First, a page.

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Earth News: Week Ending January 19, 2007

Earth News
Week of January 19, 2007

Bird Flu Surge
The United Nations
World Health Organization
(WHO) warned that a
major resurgence of avian
influenza is in progress across Asia.
WHO spokesman Peter Cordingley
cautioned that bird flu is a cold
weather virus, and more cases are
likely to develop over the cold
months in the northern hemisphere.
“We expect a repeat of last year, when
the virus suddenly became very
active,” spreading to the Middle East,
Africa and Europe, Cordingley said.
The warnings came as Indonesia
reported its 60th confirmed death
from the virus, and fresh outbreaks of
bird flu in poultry were reported in
Japan and Vietnam. Meanwhile,
health officials in Indonesia
announced that 20 percent of stray
cats surveyed across the country
carry the deadly H5N1 strain of avian

Australian Wildfires
Searing midsummer heat
across southeastern Australia
sparked more wildfires
that destroyed eight
homes in the states of Victoria and
New South Wales. Residents in Melbourne
and other blacked-out cities
were left to swelter as utility crews
worked to repair a break in a main
power transmission line brought
down by fire.

Winter’s Worst
More than 100 people perished
in severe wintry
conditions that spread
across a wide area from
southern Canada to the northern
deserts of Mexico. Ice and snow shut
down airports and made roads
impassable, stranding thousands of
travelers. Severe crop damage was
reported at some farms and orchards
in usually temperate California.

Flood Starvation
Scientists investigating
the recent deaths of thousands
of lesser flamingos
at Kenya’s Lake Bogoria
discovered the birds probably perished
due to a lack of food in the wake
of East Africa’s devastating floods.
A team sponsored by the Earthwatch
research organization found that
many of the dead birds weighed only
63 percent of their normal body mass,
suggesting malnutrition. Team leader
David Harper, of the University of
Leicester, believes torrential rainfall
over the region during the past few
months has depleted the birds’ normal
food source of spirulina — a
blue-green bacteria that floats on the
surface of Lake Bogoria and other
lakes across Kenya’s Rift Valley.

Comoros Rumblings
Volcanic activity is seen inside t
he Karthala volcano in 2006.

Days of strong tremors at
one of the world’s largest
active volcanoes prompted
officials in the Comoros
Islands to draw up evacuation plans
should the mountain erupt. The country’s
security chief, Oukacha Jaffar,
told reporters that as many as 30,000
people could be forced from their
homes on the main island of Grande
Comore if the 7,746-foot Mount
Karthala becomes violently active.
Tens of thousands of
Japanese were ordered to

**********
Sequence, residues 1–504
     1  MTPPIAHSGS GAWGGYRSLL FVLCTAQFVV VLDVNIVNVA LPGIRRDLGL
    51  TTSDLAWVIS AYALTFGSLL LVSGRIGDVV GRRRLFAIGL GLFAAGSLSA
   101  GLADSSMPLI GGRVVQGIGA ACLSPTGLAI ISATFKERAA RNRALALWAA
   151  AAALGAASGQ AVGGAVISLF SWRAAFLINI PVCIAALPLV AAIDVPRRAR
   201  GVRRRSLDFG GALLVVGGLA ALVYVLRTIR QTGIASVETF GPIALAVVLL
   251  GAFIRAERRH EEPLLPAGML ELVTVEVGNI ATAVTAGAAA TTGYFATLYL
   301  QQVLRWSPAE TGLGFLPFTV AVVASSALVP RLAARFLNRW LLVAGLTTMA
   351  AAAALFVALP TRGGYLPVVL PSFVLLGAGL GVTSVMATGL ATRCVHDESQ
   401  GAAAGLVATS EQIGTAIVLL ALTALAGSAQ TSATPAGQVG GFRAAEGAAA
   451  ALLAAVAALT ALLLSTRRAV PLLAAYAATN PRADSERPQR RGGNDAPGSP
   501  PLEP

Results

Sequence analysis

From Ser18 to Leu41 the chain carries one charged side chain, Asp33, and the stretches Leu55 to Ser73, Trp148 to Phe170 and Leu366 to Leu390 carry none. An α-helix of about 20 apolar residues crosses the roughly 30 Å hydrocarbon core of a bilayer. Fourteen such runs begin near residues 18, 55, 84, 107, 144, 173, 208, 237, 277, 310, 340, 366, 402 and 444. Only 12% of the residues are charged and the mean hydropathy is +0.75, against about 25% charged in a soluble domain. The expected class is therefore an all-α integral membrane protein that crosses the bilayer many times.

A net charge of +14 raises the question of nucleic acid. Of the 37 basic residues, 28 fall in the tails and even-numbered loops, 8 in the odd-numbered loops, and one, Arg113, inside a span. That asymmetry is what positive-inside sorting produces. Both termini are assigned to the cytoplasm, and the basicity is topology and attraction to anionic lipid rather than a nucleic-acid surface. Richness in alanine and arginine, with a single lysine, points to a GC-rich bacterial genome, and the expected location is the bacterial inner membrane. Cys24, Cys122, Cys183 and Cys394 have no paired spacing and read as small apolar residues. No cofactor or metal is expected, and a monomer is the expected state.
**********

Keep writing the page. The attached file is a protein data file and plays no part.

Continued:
higher ground after a
magnitude 8.2 temblor in
the Kuril Islands threatened to send a
tsunami across the Pacific. Tsunami
watches were also issued for Guam,
Taiwan, the Philippines and Hawaii
before it became clear that only a
small wave had been generated.
• Earth movements were also felt
in eastern Japan, Taiwan, northwestern
Turkey, Romania, New Zealand
and the San Francisco Bay Area.

Ganges Flush
Officials in India ordered
dams in the upper reaches
of the Ganges to release
large quantities of water
to dilute pollution that had made the
river so contaminated that the Hindu
faithful were advised not to bathe in
it during a religious festival. Sadhus,
or Indian holy men, then declared the
river safe for the up to 5 million people
who later took a ceremonial
plunge into the sacred waterway. It
was the first of four auspicious days
during the 45-day Ardh Kumbh festival,
when Hindus believe bathing in
the river will wash away their sins and
help them attain salvation from the
cycle of birth and rebirth.

Highway Robbery
A brazen hijacking, committed
by a herd of elephants
on a road through
an eastern Thailand
wildlife reserve, has officials considering
the closure of the highway, at
least at night. Yoo Senatham, chief of
the Khao Ang Rue Nai Wildlife Sanctuary
in Chachoengsao province, said
that a herd of about 20 pachyderms
blocked the road and overturned
many of the 10 trucks that were forced
to stop. Loads of sugarcane and tapioca
spilled onto the roadway, where
the larger elephants and their young
gorged on the pilfered goods. “There
have been many accidents on this
road, leading to the deaths of thousands
of animals, but this was the first
highway robbery by elephants we’ve
recorded,” said Senatham. He
believes the elephants may have been
encouraged to hijack the tasty cargo
by the many passers-by who throw
sugarcane and tapioca to them.

Earth News: A Journal of the Planet
Week Ending January 19, 2007
Distributed by: UPS
© 2007- Earth Frenzy Radio

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